Soviet Union. Colonel Kanatzhan "Kanat" Alibekov (Kazakh: Қанатжан Байзақұлы Әлібеков, Qanatjan Baızaquly Álibekov; Russian: Канатжан Алибеков, Kanatzhan Alibekov; born ) – known as Kenneth "Ken" Alibek since – is a former Soviet physician, microbiologist, and biological warfare (BW) expert.
He rose rapidly in the ranks of the Soviet Army to become the. War and the Soviet Union: Nuclear Weapons and the Revolution in Soviet Military and Political Thinking Revised Edition by Herbert Samuel Dinerstein (Author) ISBN ISBN Why is ISBN important.
ISBN. This bar-code number lets you verify that you're getting exactly the right version or edition of a book. Cited by: 7. Three years later, on Novemthe Soviet Union detonated its first hydrogen bomb on the same principle of radiation implosion.
Both. The authors of three recent books attempt to account for Soviet military developments by exploring a wide range of possible explanations.
In Soviet Strategic Forces, Berman and Baker adopt a“requirements“approach; they argue that the Soviet strategic posture has developed mainly in response to threats generated by the Cockburn, in The Threat, maintains that internal factors Cited by: 6.
Soviet science and weapons acquisition. [Arthur J Alexander; National Academy of Sciences (U.S.)] -- This report describes Soviet weapons acquisition and its ties to Soviet science; it then discusses the logic of restricting the transfer of scientific information, which is categorized into several.
Soviet weapons acquisition in a period of new economic policies (Book, )  Get this from a library. Soviet weapons acquisition in a period of new economic policies.
Biopreparat was a system of 18, nominally civilian, research laboratories and centers scattered chiefly around European Russia, in which a small army of scientists and technicians developed biological weapons such as anthrax, Ebola, Marburg virus, plague, Q fever, Junin virus, glanders, and smallpox.
It was the largest producer of weaponized anthrax in the Soviet Union and was a leader in. Based on four years of extensive research, Atomic Audit is the first book to document the comprehensive costs of U.S. nuclear weapons, providing a unique perspective on U.S.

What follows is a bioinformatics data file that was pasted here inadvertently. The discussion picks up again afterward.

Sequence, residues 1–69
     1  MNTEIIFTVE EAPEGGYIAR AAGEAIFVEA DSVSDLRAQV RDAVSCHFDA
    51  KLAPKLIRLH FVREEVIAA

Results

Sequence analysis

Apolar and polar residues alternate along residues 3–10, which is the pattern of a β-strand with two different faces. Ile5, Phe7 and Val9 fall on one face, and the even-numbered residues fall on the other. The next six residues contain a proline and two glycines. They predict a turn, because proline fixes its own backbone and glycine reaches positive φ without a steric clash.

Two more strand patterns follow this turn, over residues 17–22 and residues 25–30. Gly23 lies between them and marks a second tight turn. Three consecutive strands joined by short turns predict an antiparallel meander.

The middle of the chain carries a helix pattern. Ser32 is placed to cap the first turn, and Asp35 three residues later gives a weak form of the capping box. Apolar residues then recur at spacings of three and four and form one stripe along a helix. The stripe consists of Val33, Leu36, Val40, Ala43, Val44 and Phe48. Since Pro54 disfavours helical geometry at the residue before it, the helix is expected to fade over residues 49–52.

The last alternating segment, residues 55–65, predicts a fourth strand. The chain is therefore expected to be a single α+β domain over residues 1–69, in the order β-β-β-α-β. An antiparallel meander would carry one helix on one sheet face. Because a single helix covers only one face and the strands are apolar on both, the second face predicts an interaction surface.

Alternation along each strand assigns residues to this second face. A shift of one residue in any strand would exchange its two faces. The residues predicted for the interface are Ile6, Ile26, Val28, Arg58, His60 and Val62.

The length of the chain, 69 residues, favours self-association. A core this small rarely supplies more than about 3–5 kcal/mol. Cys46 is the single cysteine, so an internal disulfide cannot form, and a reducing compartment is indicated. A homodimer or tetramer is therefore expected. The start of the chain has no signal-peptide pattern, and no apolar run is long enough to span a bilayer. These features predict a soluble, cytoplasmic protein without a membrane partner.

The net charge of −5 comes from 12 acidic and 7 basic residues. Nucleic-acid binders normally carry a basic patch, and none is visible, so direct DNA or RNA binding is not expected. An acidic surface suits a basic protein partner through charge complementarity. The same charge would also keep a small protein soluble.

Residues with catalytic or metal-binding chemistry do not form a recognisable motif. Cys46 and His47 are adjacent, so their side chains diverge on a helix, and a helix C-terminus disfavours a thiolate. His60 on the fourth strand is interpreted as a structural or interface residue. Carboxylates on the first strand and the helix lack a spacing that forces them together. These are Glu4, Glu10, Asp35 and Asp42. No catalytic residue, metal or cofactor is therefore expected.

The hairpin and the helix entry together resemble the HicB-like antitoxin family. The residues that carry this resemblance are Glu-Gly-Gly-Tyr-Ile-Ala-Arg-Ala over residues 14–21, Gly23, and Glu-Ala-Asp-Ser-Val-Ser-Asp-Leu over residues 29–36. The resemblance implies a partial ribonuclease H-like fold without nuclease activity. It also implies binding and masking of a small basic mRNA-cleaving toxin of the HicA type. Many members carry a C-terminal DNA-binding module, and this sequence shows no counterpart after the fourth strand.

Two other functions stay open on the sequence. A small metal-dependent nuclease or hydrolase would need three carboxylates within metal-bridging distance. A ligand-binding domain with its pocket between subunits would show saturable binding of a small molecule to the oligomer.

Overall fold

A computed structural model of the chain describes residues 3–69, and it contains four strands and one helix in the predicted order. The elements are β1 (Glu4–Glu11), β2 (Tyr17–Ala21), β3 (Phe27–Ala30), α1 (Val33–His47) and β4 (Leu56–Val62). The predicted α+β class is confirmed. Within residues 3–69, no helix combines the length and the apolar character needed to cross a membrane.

nuclear policy and Author: Stephen I. Schwartz. Relations between the Soviet Union and the Western powers grew steadily worse in the five years after World War II. The role of nuclear weapons in this deterioration was subtle but important. Truman did not issue explicit nuclear threats against the Soviet Union, but the nuclear factor was present even when not specifically invoked.
The mostFile Size: KB. The Soviet economic and research structure was very good at putting very limited resources into small strategically important projects.
David Holloway's book, "Stalin and the Bomb," is really exemplary in showing how the USSR was able to mobilize the police-state infrastructure to build a trans-national network designed to get the bomb ASAP. This book is an absolute gem for anyone interested in Soviet Army uniforms and gives comprehensive picture and written details of everything from badges medals weapons and uniforms.I found it by chance and I love you are a modeller,re enactor or just interested in the Soviet Army you will not be disappointed.A brilliant book/5(29).
The Biological Weapons Convention (BWC), without these key provisions, was signed on Ap and entered into force on Ma following ratification. However, precisely at the end ofthe Central Committee of the Soviet Union, under Leonid Brezhnev, approved a massive expansion of the Soviet offensive BW program.After World War II, Sweden considered building nuclear weapons to defend themselves against an offensive assault from the Soviet to the government ran a clandestine nuclear weapons program under the guise of civilian defense research at the Swedish National Defence Research Institute (FOA).
By the late s the work had reached the point where underground Air Force Chief Bengt Nordenskiöld makes public .The biological weapons facility in Sverdlovsk was built after World War II, using documentation captured in Manchuria from the Japanese germ warfare program.
 The strain of anthrax produced in the Military Compound 19 [ ru ] on the southern edge of Sverdlovsk was the most powerful in the Soviet .